3) Feed
I recommend a good quality game bird feed of at least 20% protein, I use Purina brands. Some folks want to mix their own so they know what the birds are eating, but it is very hard to do this and provide proper protein and nutrition/vitamins needed by the birds. Just starting out go with store bought and if you want to mix your own, transition the birds to it slowly later so you can watch for any problems.

4) Water
Fresh clean water, fresh clean water, fresh clean water! Get it? The birds need fresh clean water at all times regardless of weather or season. In the heat of summer, fresh clean water. In the middle of an ice storm in winter, fresh clean water! It will depend on your cage setup how you do this, but give it some thought or try different things For me, down the length of the cages I added a piece of PVC pipe with a slot cut into it. This allows me to easily clean it out or remove ice.

5) Time
Lastly, anything you do requires some time. Quail do need much! Feed them once a day, fresh clean water twice a day, collect eggs and remove waste as it builds up. I can do all of this in about 10-15 minutes a day and 15-20 minutes extra on weekend to clean out from under the cages.

Hope this helps and inspires someone to get started raising quail!

I have gotten a couple of questions lately about “free ranging” quail.  While this works well for chickens, ducks and other fowl it is not recommended for quail.  They tend to fly off never to be seen again. They don’t tend to roost in the same place each evening making free ranging difficult.

If you check my site I recommend a smaller cage for urban quail, about 2X3 foot.  If you have more room you could use what is called a flight cage.  It is a larger completely enclosed area that will allow the quail some height and distance to fly and exercise.  It is usually used by growers who intend to sell their quail for training dogs to retrieve.  Quail used in this way need to have strong flight muscles.  it could also be used at ground level (as opposed to raised cages with wire bottoms) to allow the birds some ranging.  It creates a real problem if part of your intent is to raise the birds for eggs, they are harder to find in such a setup.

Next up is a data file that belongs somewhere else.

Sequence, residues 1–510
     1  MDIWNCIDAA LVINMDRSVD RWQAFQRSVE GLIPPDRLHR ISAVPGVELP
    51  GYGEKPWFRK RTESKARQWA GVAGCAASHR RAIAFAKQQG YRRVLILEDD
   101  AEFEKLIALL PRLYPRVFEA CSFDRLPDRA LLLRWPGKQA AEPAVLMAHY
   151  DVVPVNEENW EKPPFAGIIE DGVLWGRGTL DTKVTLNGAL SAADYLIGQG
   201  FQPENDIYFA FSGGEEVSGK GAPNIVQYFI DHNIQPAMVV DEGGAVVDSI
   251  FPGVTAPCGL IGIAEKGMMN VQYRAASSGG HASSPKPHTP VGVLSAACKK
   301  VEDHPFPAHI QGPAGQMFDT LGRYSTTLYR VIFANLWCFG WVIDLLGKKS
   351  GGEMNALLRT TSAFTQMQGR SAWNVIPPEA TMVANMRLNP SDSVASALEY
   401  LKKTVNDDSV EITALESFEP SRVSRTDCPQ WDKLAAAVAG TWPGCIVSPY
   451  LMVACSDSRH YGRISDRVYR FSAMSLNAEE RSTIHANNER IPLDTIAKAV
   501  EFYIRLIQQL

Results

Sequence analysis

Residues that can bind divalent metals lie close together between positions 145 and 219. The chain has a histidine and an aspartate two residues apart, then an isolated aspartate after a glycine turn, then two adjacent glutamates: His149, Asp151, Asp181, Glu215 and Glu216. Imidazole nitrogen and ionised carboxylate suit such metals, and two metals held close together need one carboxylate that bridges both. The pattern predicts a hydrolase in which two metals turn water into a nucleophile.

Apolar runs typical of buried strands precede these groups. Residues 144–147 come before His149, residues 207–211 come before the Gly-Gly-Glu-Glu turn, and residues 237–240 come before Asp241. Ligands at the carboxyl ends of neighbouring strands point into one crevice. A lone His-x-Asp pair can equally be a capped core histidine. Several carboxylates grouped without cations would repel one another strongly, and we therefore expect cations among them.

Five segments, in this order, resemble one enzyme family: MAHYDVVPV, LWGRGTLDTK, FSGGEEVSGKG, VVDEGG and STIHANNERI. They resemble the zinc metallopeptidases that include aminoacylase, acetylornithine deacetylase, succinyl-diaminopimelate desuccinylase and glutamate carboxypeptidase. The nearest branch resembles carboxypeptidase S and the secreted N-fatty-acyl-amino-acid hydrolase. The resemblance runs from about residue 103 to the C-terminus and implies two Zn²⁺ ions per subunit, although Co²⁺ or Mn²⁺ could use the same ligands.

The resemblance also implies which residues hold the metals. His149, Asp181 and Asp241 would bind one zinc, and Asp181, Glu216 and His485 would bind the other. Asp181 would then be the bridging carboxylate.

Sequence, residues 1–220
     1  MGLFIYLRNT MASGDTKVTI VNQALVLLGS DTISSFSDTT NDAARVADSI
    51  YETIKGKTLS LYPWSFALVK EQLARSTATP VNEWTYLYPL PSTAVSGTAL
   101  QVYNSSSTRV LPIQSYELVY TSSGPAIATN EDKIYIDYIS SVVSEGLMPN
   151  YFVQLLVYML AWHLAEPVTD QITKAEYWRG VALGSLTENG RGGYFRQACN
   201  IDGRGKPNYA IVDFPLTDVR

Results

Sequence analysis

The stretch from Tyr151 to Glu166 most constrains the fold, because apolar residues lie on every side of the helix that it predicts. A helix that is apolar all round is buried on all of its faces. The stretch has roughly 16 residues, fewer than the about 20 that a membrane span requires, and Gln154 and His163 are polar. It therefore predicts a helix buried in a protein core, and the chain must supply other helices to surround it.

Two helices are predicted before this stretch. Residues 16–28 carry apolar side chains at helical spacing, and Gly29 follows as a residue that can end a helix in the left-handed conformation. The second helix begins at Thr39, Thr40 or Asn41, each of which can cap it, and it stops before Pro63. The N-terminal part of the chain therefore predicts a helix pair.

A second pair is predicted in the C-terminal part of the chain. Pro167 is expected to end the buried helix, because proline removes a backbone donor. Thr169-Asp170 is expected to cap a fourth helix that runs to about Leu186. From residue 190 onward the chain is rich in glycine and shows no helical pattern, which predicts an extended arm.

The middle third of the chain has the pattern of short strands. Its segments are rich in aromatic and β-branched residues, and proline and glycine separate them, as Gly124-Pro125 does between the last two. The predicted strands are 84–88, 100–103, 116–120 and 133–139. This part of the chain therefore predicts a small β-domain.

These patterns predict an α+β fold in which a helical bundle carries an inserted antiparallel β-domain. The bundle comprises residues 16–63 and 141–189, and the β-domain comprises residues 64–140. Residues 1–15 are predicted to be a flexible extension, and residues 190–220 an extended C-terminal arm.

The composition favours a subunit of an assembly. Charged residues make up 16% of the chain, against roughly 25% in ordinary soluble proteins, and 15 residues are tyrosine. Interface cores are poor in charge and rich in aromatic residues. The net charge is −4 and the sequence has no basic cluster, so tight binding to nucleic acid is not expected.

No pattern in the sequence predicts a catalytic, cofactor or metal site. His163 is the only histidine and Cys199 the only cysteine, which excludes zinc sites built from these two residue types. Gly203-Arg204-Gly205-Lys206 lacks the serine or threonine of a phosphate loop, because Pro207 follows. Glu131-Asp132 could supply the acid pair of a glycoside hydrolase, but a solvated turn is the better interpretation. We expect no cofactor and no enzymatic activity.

Although I have never heard of it being used with quail, I would assume you could also used what is called a chicken tractor (search it).  This would allow the birds some ground contact and a chance at natural foods like insects.

I would recommend regardless that you can a small box with some sand in it the cage to allow for some natural stimulation of the birds.  Although the don’t need the grit if given a all purpose feed, it cant hurt them.

Well it has been hotter and drier than hades here in the mid-west.  My birds are really slow on the egg production.  Been keeping them good on fresh water and feed, but when it is a 107 degrees I understand if they decide not to lay.   I’m going to wait for it to finally cool down (has to eventually right??) and then determine which ones to cull.  Around that same time I plan to order some eggs (new blood line) and hatch out some replacements.

How about everyone else?  How is the summer treating you and your birds?